I’ve been pretty constantly frustrated by both presidential campaigns so far. I had pretty low expectations from Romney, if nothing else because he has to continue courting the far right. Even then, he’s managed to surprise me by leaning on outright lies as major campaign themes. I think it’s hard to overemphasize how big a deal this is. The most effective adds for the Romney campaign are complete lies. Not distortions or misdirections, rather they are blatantly saying things that are the opposite of the truth. In the case of Welfare and Medicare Obama is literally doing the opposite of what the Romney campaign accuses him of.
But while Obama undeniably has a much better factual record, I had higher expectations for his campaign. Obama’s campaign has been criticized by fact-checking organizations for making misleading statements, primarily about Medicare, and they haven’t backed off on them. It has also made some accusations and implications that are in poor taste and has stood by them.
So as I said, frustrating. Romney’s campaign has been unusually dishonest, but Obama hasn’t maintained the moral high ground either. I feel like I’m constantly seeing things that require criticism or correction from both sides, to the point that engaging any of it seems pointless. I have long believed that the only way we can even hope for improvement is to point out dishonesty clearly, but now it feels almost hopeless. The dishonesty is pervasive and constant, and fact-checkers seem unable to shame the campaigns or even inform the public.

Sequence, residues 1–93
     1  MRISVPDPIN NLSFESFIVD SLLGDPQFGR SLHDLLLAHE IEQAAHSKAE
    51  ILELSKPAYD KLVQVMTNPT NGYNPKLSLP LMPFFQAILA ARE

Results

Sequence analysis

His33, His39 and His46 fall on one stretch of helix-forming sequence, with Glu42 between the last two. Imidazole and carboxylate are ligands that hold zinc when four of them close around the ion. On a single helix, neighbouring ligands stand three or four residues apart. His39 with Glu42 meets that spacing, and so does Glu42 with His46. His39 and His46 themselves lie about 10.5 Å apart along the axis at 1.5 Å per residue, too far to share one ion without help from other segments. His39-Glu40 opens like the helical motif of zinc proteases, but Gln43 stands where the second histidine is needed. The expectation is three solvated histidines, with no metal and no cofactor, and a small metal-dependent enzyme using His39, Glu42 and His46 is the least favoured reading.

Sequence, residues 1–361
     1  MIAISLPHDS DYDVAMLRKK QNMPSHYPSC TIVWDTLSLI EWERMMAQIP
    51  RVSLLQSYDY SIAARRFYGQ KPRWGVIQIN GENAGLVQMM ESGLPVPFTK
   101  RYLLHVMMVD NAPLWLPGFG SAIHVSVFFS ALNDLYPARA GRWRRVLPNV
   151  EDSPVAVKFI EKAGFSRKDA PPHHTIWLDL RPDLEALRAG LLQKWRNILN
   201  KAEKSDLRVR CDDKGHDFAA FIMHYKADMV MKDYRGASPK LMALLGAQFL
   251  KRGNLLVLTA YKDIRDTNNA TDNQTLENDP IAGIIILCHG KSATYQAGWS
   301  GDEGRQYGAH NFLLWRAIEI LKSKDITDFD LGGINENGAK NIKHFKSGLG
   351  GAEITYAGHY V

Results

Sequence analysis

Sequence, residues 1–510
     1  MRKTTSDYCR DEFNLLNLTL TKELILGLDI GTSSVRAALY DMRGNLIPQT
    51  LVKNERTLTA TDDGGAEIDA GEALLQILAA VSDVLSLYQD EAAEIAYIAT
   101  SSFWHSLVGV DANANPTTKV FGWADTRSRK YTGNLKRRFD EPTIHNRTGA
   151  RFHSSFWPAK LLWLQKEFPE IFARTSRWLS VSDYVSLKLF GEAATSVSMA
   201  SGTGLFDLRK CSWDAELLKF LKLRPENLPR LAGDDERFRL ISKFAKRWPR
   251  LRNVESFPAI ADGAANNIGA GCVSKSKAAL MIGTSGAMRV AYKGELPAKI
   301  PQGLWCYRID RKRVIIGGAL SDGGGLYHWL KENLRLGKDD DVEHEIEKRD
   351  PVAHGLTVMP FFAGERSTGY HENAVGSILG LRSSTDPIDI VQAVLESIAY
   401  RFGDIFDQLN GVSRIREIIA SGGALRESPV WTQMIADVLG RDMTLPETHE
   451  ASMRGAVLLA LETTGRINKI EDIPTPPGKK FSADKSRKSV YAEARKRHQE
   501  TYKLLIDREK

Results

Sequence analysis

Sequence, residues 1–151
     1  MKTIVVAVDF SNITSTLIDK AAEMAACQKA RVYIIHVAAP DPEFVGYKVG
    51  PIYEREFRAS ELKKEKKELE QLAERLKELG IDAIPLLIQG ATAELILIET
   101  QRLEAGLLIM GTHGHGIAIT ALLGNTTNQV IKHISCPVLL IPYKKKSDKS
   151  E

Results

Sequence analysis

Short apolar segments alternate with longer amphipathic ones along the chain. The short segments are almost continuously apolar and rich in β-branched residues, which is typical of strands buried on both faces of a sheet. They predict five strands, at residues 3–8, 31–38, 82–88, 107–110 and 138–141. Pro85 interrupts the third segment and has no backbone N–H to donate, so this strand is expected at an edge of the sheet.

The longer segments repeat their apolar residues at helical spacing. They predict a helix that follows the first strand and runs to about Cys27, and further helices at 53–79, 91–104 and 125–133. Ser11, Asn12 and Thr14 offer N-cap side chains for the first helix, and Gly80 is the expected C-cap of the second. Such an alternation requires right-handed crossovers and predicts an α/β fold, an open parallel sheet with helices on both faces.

Given all that, I think it’s surprising how much the two campaigns actually agree. Both agree that the deficit needs to be controlled in the medium term. Both agree that economic growth should be our top priority in the short term. Both agree Medicare costs need to be controlled. The difference comes in how they want to solve those problems. The problem is that the population is ideologically rigid and unwilling to expend the effort to examine the mechanics of the solutions. So instead of talking about how best to fix these problems most of the campaigning has been about how the other side doesn’t really agree that the economy or the deficit is a problem.
So what to do? Frankly, I have no idea, and I’m not alone. It seems that with media more fractured and people moving to news sources that confirm their views rather than inform them the power of media to inform is seriously diluted. Worse, people seem comfortable with the dishonesty. The idea that politicians are liars is so ingrained in our culture that people casually dismiss even truly extraordinary dishonesty. And polarization is so strong that no matter how objectionable a talking point is, the answer is always to point to something from the other side.
As an Obama supporter, I have an obligation to criticize his willingness to use dishonest attacks. His claims about Medicare have been dishonest, and have cynically tried to scare seiors. He’s been too willing to accept below the belt character attacks. He’s been unwilling to admit his mistakes, and he’s exaggerated his success. Some of these can be excused, but I think that defeats the point. Rather than try to justify and excuse our side, we should be willing to hold it to a higher standard. Unfortunately, with Romney’s campaign boldly claiming that up is down and black is white, it becomes more difficult. So while I don’t know where we go from here, I do think two things are apparent. First: we need to do a better job of criticizing our own side. But equally important: we need to start with the biggest and boldest lies, and right now those are on the Republican side.